Pricing In The Luxury, Power Luxury and Ultra Luxury Market

All luxury is not the same.  We as creative businesses need to better at saying what area of luxury we inhabit.  There are three categories that come to mind: luxury, power luxury and ultra luxury.  Each of these markets demand a different business model to reflect the needs of the clientele who inhabit each level.

This post will be a lot of what I covered in my very first post for The BBC Collective last June but has become ever more important today. We have yet to define markets to create models that serve those markets.  We are still a hodgepodge and it needs to change.

Critical to the conversation though is the fundamental idea that all creative businesses have a subjective component and an objective one. The subjective are those ephemeral items like design, concept and vision. Objective is the cost to implement the subjective in real time. Smush the two together and, I do not care who you are, subjective becomes worth zero. Today, more than ever, no one sees the value of design in its production. In fact, quite the opposite. And even more than that, if you do not charge specifically for the subjective, it is worth what you say it is – nothing. Free is free.

So if we are going to value the subjective, we have to make it plain that that is what is getting paid for. Regardless of the category of luxury, all luxury creative businesses have to get paid in some form for the subjective.  Easy enough, but not nearly good enough. On to the different categories we go.

Luxury.  We live in a fluid world and we have to recognize that variables have to be in relation to expectations and project size until they are not.   Overall cost of luxury in the wedding market should not be less than $700/pp all things being equal. Really it is closer to $1,000/pp, but I will let the floor be slightly lower. So 200 person wedding, base $140,000 cost. Less than that is not compelling as luxury – just not enough there there. What that means is that to support a creative business with projects lower than this sort would require a volume that takes away the attention that luxury clients demand.  You can do beautiful work there but the level of specialness and trust in the relationship between client and artist just cannot be there.  You have to work too much to make this promise of specific attention a reality.  All of you should work in your markets to define the floor but I am not going to be too far off.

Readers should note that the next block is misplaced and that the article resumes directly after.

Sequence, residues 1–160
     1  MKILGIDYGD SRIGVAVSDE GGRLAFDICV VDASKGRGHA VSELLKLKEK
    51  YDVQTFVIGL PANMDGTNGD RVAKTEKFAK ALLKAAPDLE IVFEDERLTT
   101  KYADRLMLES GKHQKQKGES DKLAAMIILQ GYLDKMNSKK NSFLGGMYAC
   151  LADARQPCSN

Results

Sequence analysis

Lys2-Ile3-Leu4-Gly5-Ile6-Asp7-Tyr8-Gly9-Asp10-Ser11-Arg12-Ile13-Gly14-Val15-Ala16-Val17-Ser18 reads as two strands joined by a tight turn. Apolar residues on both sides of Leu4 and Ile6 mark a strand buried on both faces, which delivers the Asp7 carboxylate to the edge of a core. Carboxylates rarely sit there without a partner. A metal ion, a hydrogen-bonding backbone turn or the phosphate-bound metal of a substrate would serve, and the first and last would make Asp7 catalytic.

The floor is the easy part. From the floor to a certain level where power luxury will begin, all the stars align for luxury – you get to make the money you need relative to project expense and work as much as you would like to make it. Expectation and relative cost of a project align. Let’s say your average wedding is $150,000, you make your 20% or so and you would like to work 15 times a year. $500,000 in fees with a 50-60% margin and all is good. You take home $250,000.  For those businesses with no or little cost of production, fees for these events also make sense. $15,000 for a photographer, $7,500 for a DJ where margins are much higher (say 80%) and it works.

The value for professionals in the luxury market is predicated on expected attention (i.e., how much you want to work) and relative value to the project (how much you cost relative to budget). This is the meat of the bell curve. What this looks like in each respective market should be absolutes and known. And all of you should set them. For instance, a luxury DJ in Toronto spins 35 times per year and on a $200,000 wedding deserves 2.5% of the budget or $5,000. Those are the easy standards to set.

However, to make those standards effective in the luxury market, we have to define the next strata of luxury, power luxury, where the relationship between subjective and objective breaks, where expectations and scarcity become the primary drivers. 

Power Luxury.  For weddings, events from $2,500-5,000/pp I would consider power luxury.  Pretty outrageous but not ultra anything. Here we are starting to see the need for a new model focused on the relationship to expectation as opposed to relationship to cost. Relationship to expectation is: what should something like this cost from a creative business like yours? If the steak should be $75 in this category, pricing at $50 excludes you from the category. This has to be paired with scarcity – how much time are you willing to devote to each project so that the premium client gets the attention they deserve.